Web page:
Floating red walkway appears in the hills near Bangkok

Thai architect Boonserm Premthada has created an elevated walkway outside Bangkok, named The Walk, as part of the Wonderfruit festival and to raise awareness around nature and the importance of small, everyday planting

The Walk Boonserm Premthada
(Image credit: Spaceshift Studio)

A bright red system of looping, elevated walkways has appeared near Bangkok. Installated in the hills west of Pattaya on the gulf of Thailand for the annual Wonderfruit festival (this year running 4 December 2020 – 17 January 2021), the striking piece is the brainchild of Thai architect Boonserm Premthada and his practice, the Bangkok Project Studio. It was conceived as an art piece to raise awareness surrounding everyday nature, and in particular, small planting that often gets overlooked – such as grass. 

‘The Walk is an elevated walkway above the grass, conceived with the purpose of helping humans realise the importance of a small plant like grass, and pay attention to trivial details around them that are usually neglected,' explains Premthada. ‘The project is to wake up the spirit of a place to make people aware of its natural beauty and the meaning of festivities, environmental conservation, culture, and art.'

The Walk Boonserm Premthada hero

(Image credit: Spaceshift Studio)

The floating structure is composed of eight interlocking elevated walkways, raising up from the ground like bridges in looping formations that, painted an eye-catching red set against the green grass, present a graphically striking result. Walking on it, people can enjoy the view, focus on the grass below or the green expanses in the distance and allow their thoughts to float too. 

The project makes use of thin steel rods the size of the stem of Napier grass (the super grass growing in the area). The seemingly delicate, yet robust material hints at the power common grass has and its important role in our ecosystem. The system is further supported by steel beams and a small reinforced concrete base, buried into the land.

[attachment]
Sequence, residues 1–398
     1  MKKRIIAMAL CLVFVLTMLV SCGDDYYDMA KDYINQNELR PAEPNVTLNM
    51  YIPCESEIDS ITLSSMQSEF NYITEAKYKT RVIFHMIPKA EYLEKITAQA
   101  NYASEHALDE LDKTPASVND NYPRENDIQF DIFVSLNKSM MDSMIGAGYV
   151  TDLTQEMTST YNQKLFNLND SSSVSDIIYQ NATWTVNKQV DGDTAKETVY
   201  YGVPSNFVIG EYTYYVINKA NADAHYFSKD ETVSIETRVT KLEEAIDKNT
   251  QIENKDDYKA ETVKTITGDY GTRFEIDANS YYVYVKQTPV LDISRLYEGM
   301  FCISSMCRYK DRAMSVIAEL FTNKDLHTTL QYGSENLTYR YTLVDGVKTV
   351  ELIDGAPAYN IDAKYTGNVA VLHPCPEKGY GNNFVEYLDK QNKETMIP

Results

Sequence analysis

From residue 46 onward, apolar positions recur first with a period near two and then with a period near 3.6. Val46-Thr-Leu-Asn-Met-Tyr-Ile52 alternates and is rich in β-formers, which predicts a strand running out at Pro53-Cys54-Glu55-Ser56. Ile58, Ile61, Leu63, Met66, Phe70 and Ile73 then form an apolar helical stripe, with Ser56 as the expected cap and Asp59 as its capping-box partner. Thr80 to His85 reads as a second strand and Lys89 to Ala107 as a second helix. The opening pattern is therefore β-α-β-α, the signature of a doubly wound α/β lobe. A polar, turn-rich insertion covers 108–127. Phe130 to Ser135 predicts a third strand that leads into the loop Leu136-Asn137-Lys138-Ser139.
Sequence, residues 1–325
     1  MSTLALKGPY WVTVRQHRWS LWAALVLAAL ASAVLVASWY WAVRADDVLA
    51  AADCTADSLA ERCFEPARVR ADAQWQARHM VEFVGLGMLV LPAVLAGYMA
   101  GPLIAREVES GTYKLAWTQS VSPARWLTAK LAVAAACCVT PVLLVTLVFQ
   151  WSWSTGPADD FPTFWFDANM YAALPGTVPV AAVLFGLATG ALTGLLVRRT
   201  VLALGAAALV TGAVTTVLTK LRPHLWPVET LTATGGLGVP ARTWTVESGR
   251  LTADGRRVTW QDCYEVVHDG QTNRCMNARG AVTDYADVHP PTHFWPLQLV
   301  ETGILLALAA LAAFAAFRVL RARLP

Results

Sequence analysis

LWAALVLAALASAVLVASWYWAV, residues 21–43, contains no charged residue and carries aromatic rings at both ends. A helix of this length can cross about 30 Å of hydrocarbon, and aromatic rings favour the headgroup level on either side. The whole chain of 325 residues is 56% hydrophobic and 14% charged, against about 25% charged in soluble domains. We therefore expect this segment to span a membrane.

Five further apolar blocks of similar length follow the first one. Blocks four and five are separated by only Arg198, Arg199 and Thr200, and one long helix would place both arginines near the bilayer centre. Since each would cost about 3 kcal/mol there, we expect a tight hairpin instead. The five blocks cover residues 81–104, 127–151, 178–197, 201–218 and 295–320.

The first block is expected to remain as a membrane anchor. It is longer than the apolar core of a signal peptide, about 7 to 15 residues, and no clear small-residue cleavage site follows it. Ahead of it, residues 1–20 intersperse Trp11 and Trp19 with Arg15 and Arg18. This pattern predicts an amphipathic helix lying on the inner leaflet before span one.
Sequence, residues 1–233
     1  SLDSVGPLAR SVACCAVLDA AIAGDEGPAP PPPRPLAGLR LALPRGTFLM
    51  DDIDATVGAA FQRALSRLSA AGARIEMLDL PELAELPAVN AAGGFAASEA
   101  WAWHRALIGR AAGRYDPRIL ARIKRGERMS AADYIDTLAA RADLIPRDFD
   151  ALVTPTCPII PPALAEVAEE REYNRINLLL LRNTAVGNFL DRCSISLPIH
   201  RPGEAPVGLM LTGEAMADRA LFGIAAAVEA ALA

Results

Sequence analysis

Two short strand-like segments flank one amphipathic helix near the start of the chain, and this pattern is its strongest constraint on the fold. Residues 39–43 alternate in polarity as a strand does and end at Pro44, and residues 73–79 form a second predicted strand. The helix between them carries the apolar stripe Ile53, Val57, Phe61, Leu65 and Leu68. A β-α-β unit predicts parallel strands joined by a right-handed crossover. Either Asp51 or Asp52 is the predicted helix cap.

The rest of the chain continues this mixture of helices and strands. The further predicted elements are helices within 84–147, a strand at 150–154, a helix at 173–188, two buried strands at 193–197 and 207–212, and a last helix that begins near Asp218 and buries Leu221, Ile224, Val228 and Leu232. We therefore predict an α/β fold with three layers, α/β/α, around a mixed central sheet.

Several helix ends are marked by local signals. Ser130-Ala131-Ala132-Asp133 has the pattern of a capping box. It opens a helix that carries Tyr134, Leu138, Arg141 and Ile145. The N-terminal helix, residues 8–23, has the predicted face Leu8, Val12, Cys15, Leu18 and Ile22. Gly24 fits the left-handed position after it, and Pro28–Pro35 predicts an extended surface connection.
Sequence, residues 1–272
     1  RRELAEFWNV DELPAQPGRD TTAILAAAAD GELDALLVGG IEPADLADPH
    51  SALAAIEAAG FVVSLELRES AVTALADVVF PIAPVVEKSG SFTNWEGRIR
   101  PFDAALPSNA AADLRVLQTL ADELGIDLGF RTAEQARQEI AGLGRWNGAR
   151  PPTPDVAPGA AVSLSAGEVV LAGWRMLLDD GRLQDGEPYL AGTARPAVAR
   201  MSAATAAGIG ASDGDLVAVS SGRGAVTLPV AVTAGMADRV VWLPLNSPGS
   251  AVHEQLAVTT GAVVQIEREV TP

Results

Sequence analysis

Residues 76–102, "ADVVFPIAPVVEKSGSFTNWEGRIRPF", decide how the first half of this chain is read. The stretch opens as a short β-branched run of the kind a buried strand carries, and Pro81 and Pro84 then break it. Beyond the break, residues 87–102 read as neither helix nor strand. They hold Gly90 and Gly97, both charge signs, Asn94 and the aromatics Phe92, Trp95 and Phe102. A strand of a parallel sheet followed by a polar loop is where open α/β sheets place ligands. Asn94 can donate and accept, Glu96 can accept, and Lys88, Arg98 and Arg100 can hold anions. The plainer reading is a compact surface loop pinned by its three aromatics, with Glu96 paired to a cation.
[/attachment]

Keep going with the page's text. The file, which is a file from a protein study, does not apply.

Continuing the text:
There are plans for The Walk to remain in place and change the experience it offers as the grass grows up to the pathway level. ‘The Walk at Moobaan Wonder will be one of the experiences that inspire people to appreciate the natural ambiance that varies with different festivals and seasons, and to look back on the details once overlooked along the way,' says Premthada. ‘Walking is a natural human movement, like fish swimming in the river, birds flying in the sky. The Walk is a constant reminder for humans to notice these little things which from now on will no longer be overlooked.' 

The Walk Boonserm Premthada from above

(Image credit: Spaceshift Studio)

The Walk Boonserm Premthada aerial

(Image credit: Spaceshift Studio)

The Walk Boonserm Premthada context

(Image credit: Spaceshift Studio)

The Walk Boonserm Premthada night

(Image credit: Spaceshift Studio)

The Walk Boonserm Premthada detail

(Image credit: Spaceshift Studio)



Ellie Stathaki is the Architecture & Environment Director at Wallpaper*. She trained as an architect at the Aristotle University of Thessaloniki in Greece and studied architectural history at the Bartlett in London. Now an established journalist, she has been a member of the Wallpaper* team since 2006, visiting buildings across the globe and interviewing leading architects such as Tadao Ando and Rem Koolhaas. Ellie has also taken part in judging panels, moderated events, curated shows and contributed in books, such as The Contemporary House (Thames & Hudson, 2018), Glenn Sestig Architecture Diary (2020) and House London (2022).

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